the ceo magazine, business strategy
Scott Edinger, Author, The Hidden Leader

Every time I’ve worked with a senior team in the strategy formulation process, we’ve succeeded. Of course, I’ve never heard any group of executives say their strategy failed when it was created. It is in the implementation or execution that strategies falter, because most strategies rely on people in the organization taking action in new or different ways. That doesn’t happen by declaration. And it doesn’t happen when people are sent to training programs, though it is popular to pitch this to HR or Talent Management. If you want your strategy to work, it is up to the CEO and senior leaders of the business to drive it and you’ll need the help of what I call Hidden Leaders to be your exemplars and role models.

Hidden Leaders are the individual contributors, front line supervisors, and middle managers that bring your strategy to life everyday. They are the employees who go the extra mile for your customers, the ones who can be counted on to deliver great results, the ones whose opinions are trusted by colleagues; they are your go to people at every level of the business. I wrote the book The Hidden Leader because we don’t often think of leaders occupying these kinds of roles. Leadership has come to mean position or title in most companies, but there is a tremendous amount of leadership in places we don’t typically look that is lying fallow.

So while it is necessary to have good leadership in the senor management ranks, it’s not sufficient to achieve the growth many CEO’s desire. But, you’ll have few Hidden Leaders if the very visible leaders don’t establish the kind of culture that cultivates leadership at all levels. Since culture is really about the mindset or beliefs that guide behaviors, that is your starting point.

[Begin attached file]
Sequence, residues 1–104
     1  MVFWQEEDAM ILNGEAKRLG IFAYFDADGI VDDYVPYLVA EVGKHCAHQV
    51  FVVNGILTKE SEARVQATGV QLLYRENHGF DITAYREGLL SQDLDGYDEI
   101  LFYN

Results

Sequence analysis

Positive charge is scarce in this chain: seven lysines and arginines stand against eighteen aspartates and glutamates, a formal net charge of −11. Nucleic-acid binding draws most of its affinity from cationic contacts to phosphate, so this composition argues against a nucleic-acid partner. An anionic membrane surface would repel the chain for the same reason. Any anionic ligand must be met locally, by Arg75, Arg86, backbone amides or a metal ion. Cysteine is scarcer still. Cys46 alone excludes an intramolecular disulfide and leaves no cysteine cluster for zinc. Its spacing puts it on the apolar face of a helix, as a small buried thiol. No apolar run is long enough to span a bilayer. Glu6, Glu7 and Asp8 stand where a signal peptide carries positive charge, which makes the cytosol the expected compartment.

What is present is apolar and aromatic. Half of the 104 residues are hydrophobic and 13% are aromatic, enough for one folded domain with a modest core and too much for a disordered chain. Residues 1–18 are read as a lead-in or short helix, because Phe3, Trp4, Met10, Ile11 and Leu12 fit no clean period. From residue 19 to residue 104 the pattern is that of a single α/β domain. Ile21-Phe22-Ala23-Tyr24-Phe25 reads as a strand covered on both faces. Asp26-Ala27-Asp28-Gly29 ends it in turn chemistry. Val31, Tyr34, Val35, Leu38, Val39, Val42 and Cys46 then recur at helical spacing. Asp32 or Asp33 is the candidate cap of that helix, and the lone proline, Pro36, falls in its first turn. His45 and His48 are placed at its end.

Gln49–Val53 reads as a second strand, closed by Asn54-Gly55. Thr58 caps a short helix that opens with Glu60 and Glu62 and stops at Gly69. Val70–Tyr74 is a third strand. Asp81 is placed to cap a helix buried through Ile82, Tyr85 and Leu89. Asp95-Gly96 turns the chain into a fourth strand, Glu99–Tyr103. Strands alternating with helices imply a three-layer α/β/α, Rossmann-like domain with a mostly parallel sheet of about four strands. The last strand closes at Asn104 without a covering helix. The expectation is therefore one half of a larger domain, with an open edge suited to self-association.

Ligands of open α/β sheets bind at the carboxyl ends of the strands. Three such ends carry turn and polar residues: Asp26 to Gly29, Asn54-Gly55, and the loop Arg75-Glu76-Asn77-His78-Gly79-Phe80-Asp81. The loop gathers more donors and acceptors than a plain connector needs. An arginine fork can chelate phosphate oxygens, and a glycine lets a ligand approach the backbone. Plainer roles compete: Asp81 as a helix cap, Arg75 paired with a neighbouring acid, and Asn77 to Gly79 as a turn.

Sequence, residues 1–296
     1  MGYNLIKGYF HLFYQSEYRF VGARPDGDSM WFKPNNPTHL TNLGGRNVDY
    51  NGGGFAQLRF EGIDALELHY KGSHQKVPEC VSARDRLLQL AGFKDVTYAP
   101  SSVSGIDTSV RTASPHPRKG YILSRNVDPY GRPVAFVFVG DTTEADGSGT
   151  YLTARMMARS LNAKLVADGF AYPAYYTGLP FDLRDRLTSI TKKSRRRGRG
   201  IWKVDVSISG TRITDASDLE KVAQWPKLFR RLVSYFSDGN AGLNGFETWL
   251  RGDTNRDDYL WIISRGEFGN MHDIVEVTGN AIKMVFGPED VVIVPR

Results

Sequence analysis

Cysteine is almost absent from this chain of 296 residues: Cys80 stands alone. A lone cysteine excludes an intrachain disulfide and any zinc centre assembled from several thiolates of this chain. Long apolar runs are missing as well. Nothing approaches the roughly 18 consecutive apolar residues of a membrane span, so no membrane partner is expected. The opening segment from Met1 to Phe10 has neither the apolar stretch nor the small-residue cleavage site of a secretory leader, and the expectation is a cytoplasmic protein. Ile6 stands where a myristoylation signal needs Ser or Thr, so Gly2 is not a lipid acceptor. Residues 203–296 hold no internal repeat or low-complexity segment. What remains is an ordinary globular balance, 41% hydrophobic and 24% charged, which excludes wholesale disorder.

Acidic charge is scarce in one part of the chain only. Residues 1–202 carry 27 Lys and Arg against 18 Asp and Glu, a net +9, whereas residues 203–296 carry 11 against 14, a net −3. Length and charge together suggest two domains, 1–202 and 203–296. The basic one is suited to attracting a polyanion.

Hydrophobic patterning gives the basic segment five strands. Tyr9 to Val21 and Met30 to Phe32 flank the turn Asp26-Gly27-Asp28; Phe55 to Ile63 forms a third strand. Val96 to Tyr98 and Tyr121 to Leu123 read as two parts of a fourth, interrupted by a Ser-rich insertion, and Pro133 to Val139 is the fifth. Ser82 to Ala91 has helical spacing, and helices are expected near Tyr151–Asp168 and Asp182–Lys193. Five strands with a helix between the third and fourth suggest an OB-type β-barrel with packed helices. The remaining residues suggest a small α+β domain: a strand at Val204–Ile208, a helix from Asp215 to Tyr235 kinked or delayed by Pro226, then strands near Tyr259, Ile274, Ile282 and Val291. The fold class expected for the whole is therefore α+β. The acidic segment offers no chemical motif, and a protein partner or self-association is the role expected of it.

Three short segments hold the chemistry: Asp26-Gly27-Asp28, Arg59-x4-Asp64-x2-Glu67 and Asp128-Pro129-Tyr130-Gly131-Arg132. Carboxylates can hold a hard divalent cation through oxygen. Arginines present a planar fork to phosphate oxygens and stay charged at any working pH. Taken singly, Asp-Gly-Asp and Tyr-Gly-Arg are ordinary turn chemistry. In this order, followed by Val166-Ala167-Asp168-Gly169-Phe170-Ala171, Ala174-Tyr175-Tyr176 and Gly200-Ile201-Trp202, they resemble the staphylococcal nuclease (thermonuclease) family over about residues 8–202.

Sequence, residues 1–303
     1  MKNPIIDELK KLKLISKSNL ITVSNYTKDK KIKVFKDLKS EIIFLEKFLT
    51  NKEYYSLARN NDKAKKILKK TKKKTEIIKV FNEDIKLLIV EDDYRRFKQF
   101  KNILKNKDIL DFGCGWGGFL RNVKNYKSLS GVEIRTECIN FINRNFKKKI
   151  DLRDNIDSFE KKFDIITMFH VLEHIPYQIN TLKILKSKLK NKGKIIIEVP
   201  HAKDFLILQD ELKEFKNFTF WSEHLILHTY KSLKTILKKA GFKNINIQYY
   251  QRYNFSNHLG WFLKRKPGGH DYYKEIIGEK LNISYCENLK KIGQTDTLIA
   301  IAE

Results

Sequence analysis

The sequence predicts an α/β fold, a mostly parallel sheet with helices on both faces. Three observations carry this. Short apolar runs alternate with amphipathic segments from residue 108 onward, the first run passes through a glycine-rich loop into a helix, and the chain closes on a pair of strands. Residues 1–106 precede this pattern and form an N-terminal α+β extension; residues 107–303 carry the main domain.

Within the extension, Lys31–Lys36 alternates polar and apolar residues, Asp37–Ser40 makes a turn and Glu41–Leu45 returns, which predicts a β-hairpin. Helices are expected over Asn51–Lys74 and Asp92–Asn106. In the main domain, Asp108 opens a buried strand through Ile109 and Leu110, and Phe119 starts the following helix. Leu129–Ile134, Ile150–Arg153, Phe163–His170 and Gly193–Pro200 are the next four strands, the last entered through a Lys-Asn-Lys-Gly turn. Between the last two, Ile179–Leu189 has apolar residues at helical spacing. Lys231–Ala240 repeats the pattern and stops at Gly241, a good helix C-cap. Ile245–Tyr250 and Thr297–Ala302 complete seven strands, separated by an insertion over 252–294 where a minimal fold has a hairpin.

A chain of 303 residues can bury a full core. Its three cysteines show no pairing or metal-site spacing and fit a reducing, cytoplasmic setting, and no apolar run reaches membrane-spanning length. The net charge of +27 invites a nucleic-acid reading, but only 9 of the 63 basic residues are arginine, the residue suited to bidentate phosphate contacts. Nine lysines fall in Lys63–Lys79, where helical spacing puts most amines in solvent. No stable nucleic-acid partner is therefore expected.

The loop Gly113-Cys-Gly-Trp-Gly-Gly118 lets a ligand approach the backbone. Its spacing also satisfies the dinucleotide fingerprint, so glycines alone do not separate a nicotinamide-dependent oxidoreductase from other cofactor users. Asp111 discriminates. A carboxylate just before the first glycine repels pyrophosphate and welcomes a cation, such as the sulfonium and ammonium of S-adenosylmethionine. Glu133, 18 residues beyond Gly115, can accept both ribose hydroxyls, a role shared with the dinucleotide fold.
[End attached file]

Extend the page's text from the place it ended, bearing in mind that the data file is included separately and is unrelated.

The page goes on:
• Can you identify the people who have the greatest influence on how people in your company, division, or office behave?
  • Does your business provide reinforcement for the behaviors you desire, separate from results achieved? (e.g. Rewards for innovative efforts that don’t work out.)
  • Are there consequences for behaviors that are counterproductive, even if the outcome is a win?

I’ve seen very sound strategies fail, and average strategies achieve strong objectives. The difference in the CEO’s was the creation of an environment that allowed them to rely on leaders at all levels to power the implementation.

About the Author

Companies like AT&TLenovo, and The Los Angeles Times, hire Scott Edinger to work with their senior leaders. He is widely recognized as an expert in helping organizations achieve growth objectives.

Scott’s new book is called The Hidden Leader and he is also co-author of The Inspiring Leader, and the Harvard Business Review article, Making Yourself Indispensable, called by HBR a “classic in the making.” He is also a contributing author to The American Society for Training and Development Leadership Handbook. Scott has authored dozens of other articles and white papers, and is a regular contributor to Forbes and the Harvard Business Review.

Scott has worked with leaders in nearly every industry sector, helping them formulate and implement growth strategies, develop leadership capacity, increase revenue and profit, drive employee engagement, and attract and retain talent.


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